1471: Thomas Neville, the Bastard Faulconbridge 1941: Babi Yar massacre begins

1987: Mehdi Hashemi, Iran-Contra whistleblower

September 28th, 2010 Headsman

On this date in 1987,* Iranian cleric and revolutionary official Mehdi Hashemi was secretly executed … seemingly, for leaking the Iran-Contra scandal.

Hashemi was an O.G. of the Iranian Revolution, imprisoned by the notorious secret police SAVAK** and freed when the Shah’s government collapsed in 1979.

Hashemi had a series of posts in the revolutionary state generally relating to exporting the revolution, and under the aegis of Ayatollah Montazeri, who in the late 1980s was the heir apparent of Ayatollah Khomeini for leadership in the Islamic Republic.

Montazeri was a rival of parliamentarian Akbar Hashemi Rafsanjani,† and further to that rivalry the Montazeri faction leaked embarrassing information about Rafsanjani’s dealings with the United States.

The Great Satan’s disreputable Middle East policy entailed playing both sides of the destructive Iran-Iraq War — arming Saddam Hussein‘s Iraq, while also making secret weapons sales through Israel to Iran despite a supposed arms embargo, thereby obtaining the release of American hostages in Lebanon.

This is the “Iran” half of the Iran-Contra scandal … which became the Iran-Contra scandal when Hashemi publicly exposed the existence of secret Iranian-American contacts to the Lebanese magazine Ash-Shiraa.

The immediate motivations appear murky even to specialists, of whom this writer is not one … but whatever they were, the leak backfired — as so often is the case — on the whistleblower himself.

While the authors of the covert policy in each country emerged stronger, Hashemi was arrested just before the story broke publicly and “persuaded” (with 75 lashes!) into one of those Soviet-style auto-denunciations, which was broadcast on Iranian TV.

Hashemi’s self-flagellation, as characterized here, runs thus:

Deviation is my ultimate sin. This is why I now stand before you. I began my career with minor infractions, gradually strayed from the correct path, continued with larger mistakes, then to major sins, and ultimately to the worst sin possible — that of heresy, apostasy, and treason against the Imam, the Community, Islam, and the Islamic Revolution. I have to ask myself what was the root cause of my downfall? …

(His answer: “carnal instincts”.)

I now realize that despicable sinners like myself had no business inside the heir-designate’s office. I thank God that I have been removed from that office …

I would like to plead with my former colleagues and friends who shared my deviant ideas to return to the correct path, relinquish their false notions, reform themselves, unite against imperialism, and overcome the carnal instincts that can lead them toward having relations with Satan and his representatives.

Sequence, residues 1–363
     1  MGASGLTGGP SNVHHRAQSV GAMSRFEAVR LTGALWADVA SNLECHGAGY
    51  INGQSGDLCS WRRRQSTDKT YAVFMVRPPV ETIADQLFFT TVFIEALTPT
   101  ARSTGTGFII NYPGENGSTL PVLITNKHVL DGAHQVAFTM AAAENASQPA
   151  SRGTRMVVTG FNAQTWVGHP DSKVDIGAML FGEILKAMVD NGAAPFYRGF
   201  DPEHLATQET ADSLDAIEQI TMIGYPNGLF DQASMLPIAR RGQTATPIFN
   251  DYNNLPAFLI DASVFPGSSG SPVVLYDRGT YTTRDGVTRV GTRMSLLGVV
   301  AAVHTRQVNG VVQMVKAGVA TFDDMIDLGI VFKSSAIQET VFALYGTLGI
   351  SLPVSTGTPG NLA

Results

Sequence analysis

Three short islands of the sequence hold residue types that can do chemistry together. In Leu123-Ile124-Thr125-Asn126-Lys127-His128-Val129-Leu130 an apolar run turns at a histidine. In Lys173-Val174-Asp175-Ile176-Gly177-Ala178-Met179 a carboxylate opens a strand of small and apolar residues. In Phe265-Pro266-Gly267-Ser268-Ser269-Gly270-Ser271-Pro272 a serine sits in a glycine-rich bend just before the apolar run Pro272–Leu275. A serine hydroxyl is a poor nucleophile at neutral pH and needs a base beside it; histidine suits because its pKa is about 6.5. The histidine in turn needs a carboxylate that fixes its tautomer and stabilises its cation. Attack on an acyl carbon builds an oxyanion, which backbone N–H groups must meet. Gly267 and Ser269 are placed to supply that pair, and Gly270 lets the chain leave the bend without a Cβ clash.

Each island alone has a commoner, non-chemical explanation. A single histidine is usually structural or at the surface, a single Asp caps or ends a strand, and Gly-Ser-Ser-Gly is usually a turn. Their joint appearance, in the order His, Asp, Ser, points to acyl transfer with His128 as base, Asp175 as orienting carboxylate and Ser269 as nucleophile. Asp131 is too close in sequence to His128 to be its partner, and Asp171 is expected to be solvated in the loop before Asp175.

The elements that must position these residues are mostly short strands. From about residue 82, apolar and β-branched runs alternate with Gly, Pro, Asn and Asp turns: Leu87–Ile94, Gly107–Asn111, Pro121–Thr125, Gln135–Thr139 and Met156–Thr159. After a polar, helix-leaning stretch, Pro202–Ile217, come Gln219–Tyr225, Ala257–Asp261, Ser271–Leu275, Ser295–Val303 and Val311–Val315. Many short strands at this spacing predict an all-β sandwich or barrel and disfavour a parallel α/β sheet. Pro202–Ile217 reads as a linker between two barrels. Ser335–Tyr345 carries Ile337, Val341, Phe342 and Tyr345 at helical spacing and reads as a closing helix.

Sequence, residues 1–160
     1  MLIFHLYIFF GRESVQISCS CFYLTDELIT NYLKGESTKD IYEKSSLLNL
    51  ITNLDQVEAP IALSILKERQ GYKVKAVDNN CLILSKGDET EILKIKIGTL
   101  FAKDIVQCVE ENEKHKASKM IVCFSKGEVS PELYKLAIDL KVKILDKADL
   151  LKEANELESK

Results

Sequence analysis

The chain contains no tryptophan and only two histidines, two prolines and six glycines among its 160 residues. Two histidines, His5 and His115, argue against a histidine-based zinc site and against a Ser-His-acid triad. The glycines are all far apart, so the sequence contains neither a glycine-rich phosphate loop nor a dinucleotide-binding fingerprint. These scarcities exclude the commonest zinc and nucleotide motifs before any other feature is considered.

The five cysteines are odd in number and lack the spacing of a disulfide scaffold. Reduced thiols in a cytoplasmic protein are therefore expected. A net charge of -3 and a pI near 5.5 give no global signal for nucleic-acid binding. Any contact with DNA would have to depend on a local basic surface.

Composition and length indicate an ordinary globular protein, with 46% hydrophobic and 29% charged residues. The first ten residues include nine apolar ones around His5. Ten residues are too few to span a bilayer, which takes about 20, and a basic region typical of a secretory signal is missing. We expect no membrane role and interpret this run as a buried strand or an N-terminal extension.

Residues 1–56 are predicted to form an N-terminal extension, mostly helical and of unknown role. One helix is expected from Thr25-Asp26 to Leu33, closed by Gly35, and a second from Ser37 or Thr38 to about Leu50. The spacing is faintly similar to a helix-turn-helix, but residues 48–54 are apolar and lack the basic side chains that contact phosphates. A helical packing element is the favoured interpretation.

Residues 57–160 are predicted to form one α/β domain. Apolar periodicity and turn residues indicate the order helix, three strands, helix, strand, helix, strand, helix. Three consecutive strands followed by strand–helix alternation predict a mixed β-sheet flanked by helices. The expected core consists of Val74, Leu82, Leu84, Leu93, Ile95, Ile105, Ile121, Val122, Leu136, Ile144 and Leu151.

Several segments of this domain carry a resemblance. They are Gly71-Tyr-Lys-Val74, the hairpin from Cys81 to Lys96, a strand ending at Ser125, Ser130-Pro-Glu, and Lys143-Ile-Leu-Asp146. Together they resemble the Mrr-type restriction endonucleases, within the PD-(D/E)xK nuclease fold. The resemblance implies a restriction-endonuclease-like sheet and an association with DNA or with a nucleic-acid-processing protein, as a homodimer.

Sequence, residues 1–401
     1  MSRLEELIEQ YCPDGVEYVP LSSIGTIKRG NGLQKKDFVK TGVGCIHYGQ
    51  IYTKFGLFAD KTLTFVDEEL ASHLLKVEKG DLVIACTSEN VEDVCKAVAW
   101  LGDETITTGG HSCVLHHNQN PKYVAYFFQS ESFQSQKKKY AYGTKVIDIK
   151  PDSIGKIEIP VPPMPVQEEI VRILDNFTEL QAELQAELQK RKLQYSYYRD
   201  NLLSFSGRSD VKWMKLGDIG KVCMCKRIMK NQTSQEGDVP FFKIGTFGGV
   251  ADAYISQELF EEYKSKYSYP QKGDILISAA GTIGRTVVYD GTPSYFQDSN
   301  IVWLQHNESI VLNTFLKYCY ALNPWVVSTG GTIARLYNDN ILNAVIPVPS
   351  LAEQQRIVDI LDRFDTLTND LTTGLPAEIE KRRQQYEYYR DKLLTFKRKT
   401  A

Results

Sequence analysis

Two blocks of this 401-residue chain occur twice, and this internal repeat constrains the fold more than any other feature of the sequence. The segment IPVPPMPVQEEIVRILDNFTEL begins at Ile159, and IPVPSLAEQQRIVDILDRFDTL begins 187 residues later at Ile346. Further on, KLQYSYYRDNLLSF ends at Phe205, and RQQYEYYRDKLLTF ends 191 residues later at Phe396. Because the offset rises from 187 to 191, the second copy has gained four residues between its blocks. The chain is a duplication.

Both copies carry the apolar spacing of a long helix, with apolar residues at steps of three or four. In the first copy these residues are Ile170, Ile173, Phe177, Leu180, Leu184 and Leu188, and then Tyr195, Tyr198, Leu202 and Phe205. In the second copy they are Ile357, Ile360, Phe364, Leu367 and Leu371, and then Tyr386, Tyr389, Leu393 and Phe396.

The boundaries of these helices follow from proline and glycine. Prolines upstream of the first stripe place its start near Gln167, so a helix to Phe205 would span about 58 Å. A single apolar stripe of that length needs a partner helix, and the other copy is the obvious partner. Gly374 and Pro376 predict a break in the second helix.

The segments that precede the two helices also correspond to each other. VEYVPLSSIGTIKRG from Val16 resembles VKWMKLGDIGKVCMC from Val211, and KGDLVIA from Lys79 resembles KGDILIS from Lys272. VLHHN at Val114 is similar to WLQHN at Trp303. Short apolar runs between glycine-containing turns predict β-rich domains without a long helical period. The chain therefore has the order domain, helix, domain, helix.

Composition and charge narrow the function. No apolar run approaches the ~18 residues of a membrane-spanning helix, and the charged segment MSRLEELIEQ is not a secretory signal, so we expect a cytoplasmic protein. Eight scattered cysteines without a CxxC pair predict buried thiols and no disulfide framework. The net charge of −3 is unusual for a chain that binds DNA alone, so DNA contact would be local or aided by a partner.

He was tried on a basket of nasty charges including “corruption on earth,” murder, kidnapping, plotting against the government … and, because state authority is not immune to irony, arms struggling.

Hashemi’s patron Ayatollah Montazeri worked unavailingly behind the scenes to save his man; Hashemi’s judge noted in his memoirs that the execution was carried out before the sentence went public, specifically to prevent Montazeri throwing his weight around to stop it.

But that weight would dwindle near to nothing in the months ahead, as the case opened a schism between Montazeri and the Iranian leadership.

After publicly calling for greater political openness, and criticizing a horrifying 1988 mass execution, Montazeri was officially demoted from the designated successor position in favor of Ayatollah Khamenei — who did indeed succeed to the Supreme Leader job, and holds it to this day.

Montazeri remained a frequent internal critic (and, for a time, political prisoner) of the Iranian government during the 1990s and 2000s; by the time of his December 2009 funeral, he was an emblem for the embattled Iranian reform movement.

* The execution was reported by Iranian radio as having taken place at dawn that same day, but opposition organizations immediately charged that it had actually been carried out some days before. (See New York Times, Sep. 29, 1987) If the matter has been definitively resolved, I have not been able to document it.

** For murdering a pro-regime theologian who dissed the Khomeini-backed book The Immortal Martyr, which recast Shi’a martyr Husayn Ali as a revolutionary inspiration for modern times.

† Rafsanjani also has a son named Mehdi Hashemi Rafsanjani — who is not to be confused with the subject of this post.

Also on this date

Entry Filed under: 20th Century,Activists,Capital Punishment,Death Penalty,Execution,God,History,Iran,Murder,Politicians,Power,Religious Figures,Revolutionaries,Scandal,Shot,Torture,Treason,Wartime Executions

Tags: , , , , , , , , , ,

3 Responses to “1987: Mehdi Hashemi, Iran-Contra whistleblower”

  1. 1
    ExecutedToday.com » Executed Today’s Third Annual Report: Third Time Lucky Says:

    [...] Mehdi Hashemi, who exposed the Iran-Contra scandal [...]

  2. 2
    ExecutedToday.com » Themed Set: The Contemporary Middle East Says:

    [...] Despots and their retainers, nervously watching the news. [...]

  3. 3
    ExecutedToday.com » 1934: Augusto Cesar Sandino, national hero Says:

    [...] a canal project to compete with Panama. It invented dive-bombing to hunt Sandino. And it ranged around the world and outside the law to battle Sandino’s successors under the aegis of the imperial [...]

Leave a Reply


Calendar

September 2010
M T W T F S S
« Aug   Oct »
 12345
6789101112
13141516171819
20212223242526
27282930  

Archives

Categories




Recently Commented

Accolades